Dahlia Belinsky: connecting with Canada’s aboriginal communities

Sociology student Dahlia Belinsky spent last summer reaching out to First Nations across the country on behalf of the Government of Canada’s Department of Indigenous and Northern Affairs.

“I ran the social media, meaning Flickr, LinkedIn, YouTube, but mostly Twitter and Facebook,” she says. Her days were spent researching news and events relevant to her audience and then crafting posts about them. “We had campaigns directed toward reserves across Canada,” she says.

Belinsky is also enrolled in Concordia’s Minor in Interdisciplinary Studies in Sexuality. While she doesn’t have a native background, she has a particular interest in minorities, and in social justice and human rights for the LGBTQ community. This made the job a good fit for her.

“Two spirit [identity] is something that I happen to study a lot, and that’s the main connection I had and one I brought up,” she says. “I did my best to mention it during my time there and promote different two-spirit events happening throughout Canada.”

Another project that Belinsky took on was the promotion of powwows happening across the country. “Outsiders are invited in, you can learn so much about Aboriginal culture, and it's a fun event. You're dancing, you're enjoying food,” says Belinsky.

Then, with the 2015 elections looming, the federal government enforced a blackout at the beginning of August. “All the stories I wanted to talk about were pegged,” Belinsky remembers. “I couldn't post any social media past that date, because we had to be non-biased, which was unfortunate.”

The Co-op position represented an incredible learning opportunity for Belinsky. “When I got the job I was so excited because it dealt directly with social media,” she says. “You can reach a huge audience but still have those very small interpersonal interactions.”

It also made her realize that, next time, she wants to be on the ground. 

“Overall, I'd prefer to work on a more community-based level — actually going in and learning what [Aboriginal people] have to say. I liked the communication aspect of the job, but it'd be nice to see a more micro level. How people can mobilize themselves, not so much how we can help them,” says Belinsky.


Frances Smyth: seven months with the James Bay Cree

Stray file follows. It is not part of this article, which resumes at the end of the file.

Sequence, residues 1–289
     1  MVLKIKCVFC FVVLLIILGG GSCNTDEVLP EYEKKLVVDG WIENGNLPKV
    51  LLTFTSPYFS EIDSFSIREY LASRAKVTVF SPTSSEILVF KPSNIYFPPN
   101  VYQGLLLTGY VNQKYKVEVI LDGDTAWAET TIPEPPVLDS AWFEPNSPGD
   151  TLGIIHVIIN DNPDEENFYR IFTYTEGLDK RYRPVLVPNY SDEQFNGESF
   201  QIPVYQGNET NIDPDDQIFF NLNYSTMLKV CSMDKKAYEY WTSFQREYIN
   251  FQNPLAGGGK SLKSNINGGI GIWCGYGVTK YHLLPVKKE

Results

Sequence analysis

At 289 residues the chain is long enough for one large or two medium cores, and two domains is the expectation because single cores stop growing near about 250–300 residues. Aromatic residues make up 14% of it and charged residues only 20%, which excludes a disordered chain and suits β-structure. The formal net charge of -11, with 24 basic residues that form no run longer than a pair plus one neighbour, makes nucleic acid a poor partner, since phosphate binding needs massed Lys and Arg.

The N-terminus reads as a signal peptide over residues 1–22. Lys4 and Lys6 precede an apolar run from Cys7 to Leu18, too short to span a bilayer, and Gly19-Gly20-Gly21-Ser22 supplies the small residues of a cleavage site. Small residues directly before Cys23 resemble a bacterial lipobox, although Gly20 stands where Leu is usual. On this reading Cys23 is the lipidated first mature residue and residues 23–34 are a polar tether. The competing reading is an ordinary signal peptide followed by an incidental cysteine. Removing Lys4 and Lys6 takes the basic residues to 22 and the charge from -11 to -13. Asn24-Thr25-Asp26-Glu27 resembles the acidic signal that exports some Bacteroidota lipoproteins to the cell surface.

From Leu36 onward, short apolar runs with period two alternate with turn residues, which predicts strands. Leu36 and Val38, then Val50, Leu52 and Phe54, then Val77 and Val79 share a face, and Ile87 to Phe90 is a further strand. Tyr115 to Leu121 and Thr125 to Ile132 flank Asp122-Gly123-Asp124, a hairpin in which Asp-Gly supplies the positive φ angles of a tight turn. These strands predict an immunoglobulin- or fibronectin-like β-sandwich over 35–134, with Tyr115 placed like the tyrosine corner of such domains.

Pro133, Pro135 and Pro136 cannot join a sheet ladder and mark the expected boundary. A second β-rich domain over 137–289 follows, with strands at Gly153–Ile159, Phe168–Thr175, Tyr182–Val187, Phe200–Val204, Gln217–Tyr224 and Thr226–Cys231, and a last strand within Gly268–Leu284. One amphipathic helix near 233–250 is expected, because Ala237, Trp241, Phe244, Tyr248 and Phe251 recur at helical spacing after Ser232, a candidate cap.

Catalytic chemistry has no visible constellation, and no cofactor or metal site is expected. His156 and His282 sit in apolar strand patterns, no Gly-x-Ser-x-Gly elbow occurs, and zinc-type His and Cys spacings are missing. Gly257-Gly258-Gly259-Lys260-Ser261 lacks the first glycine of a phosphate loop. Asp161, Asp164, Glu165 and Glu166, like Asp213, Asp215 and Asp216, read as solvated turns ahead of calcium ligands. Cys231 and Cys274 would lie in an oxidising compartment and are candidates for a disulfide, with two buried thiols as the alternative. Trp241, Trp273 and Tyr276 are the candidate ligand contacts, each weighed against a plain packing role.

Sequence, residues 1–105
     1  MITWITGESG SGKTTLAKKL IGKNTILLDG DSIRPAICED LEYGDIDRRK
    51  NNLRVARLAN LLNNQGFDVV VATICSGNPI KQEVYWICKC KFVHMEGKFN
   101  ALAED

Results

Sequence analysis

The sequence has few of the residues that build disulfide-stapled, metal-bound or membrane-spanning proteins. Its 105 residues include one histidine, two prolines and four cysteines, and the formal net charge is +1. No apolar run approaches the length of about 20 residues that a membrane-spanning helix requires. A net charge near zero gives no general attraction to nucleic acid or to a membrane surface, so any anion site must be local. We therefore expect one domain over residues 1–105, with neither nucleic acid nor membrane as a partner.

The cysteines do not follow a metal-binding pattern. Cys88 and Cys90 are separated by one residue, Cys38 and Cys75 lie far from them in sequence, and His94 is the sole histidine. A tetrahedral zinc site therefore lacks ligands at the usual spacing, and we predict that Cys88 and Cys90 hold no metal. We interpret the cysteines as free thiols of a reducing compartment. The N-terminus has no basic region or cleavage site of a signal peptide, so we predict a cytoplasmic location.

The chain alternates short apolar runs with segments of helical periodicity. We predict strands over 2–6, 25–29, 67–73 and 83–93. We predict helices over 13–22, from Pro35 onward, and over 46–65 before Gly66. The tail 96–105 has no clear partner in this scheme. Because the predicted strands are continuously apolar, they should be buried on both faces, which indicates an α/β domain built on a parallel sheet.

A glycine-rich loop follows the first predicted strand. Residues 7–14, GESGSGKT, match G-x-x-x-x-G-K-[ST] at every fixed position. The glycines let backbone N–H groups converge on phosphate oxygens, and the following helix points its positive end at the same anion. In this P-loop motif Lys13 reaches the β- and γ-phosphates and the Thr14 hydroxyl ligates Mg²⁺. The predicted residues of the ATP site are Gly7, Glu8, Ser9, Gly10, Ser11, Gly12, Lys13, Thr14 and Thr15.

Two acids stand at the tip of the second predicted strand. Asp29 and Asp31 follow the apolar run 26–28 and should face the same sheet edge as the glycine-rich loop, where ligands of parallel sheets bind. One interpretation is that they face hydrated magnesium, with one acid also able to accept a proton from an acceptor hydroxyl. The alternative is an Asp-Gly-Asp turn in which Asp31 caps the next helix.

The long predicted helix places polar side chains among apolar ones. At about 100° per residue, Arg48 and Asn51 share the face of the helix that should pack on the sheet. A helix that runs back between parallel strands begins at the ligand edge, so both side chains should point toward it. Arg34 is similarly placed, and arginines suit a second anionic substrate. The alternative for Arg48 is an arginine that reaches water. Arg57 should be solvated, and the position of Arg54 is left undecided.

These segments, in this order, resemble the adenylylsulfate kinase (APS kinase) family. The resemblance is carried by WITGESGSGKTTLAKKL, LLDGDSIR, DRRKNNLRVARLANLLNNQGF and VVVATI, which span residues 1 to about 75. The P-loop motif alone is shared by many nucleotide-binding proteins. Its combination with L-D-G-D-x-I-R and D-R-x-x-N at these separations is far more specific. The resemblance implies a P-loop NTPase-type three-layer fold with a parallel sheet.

Sociology student Frances Smyth had already registered for her winter 2015 classes at Concordia when the call came about a work-term opportunity in the northern James Bay Cree community of Waskaganish.

“It was a month before I had to leave,” she recalls. But everything fell into place, and in January 2015 she began a seven-month, double work term running non-academic programs for children at an elementary school in Waskaganish. She also got to help out in the high school next door.

Her tasks included helping set up a student council, running sports programs, giving cooking and art lessons and gardening with the kids. A summer camp veteran, Smyth was skilled at filling in where needed, but working with children in a remote, northern Aboriginal community was a new challenge.

“Their ideas about time and structure are different,” she says. “Generally, they have a lot fewer rules, so it's hard to say, ‘do this and that,’ because often they’ll just say they don’t want to.”

The children were a lot more independent and willing to take the lead on activities, she adds. “They’re just happy to get going on something with each other, and so they’re less needy for your attention.”

The adults in the community were really welcoming toward her. “I got to go to someone's camp and they showed me how to skin a beaver. Also, [I was] invited to their feasts.”

During her time in Waskaganish, Smyth took the opportunity to benefit from free Cree language lessons, since she hopes to one day return to work in the region.

“I'm really happy I did it,” she says of Co-op, adding that the Institute’s support was key in helping her secure her work placement in Waskaganish.

 “Sociology is so broad, so you can find something you're interested in.”

Find out more about Concordia’s Institute for Co-operative Education.